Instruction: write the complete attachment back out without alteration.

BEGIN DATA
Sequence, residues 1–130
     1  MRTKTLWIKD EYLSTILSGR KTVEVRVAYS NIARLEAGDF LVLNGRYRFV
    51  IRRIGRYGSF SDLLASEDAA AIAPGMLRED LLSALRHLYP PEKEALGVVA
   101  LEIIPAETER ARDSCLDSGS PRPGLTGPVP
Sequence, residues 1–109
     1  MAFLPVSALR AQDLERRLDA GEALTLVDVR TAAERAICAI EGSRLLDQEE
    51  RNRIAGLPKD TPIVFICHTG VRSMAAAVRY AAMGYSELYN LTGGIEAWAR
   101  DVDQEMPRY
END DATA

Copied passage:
Sequence, residues 1–130
     1  MRTKTLWIKD EYLSTILSGR KTVEVRVAYS NIARLEAGDF LVLNGRYRFV
    51  IRRIGRYGSF SDLLASEDAA AIAPGMLRED LLSALRHLYP PEKEALGVVA
   101  LEIIPAETER ARDSCLDSGS PRPGLTGPVP
Sequence, residues 1–109
     1  MAFLPVSALR AQDLERRLDA GEALTLVDVR TAAERAICAI EGSRLLDQEE
    51  RNRIAGLPKD TPIVFICHTG VRSMAAAVRY AAMGYSELYN LTGGIEAWAR
   101  DVDQEMPRY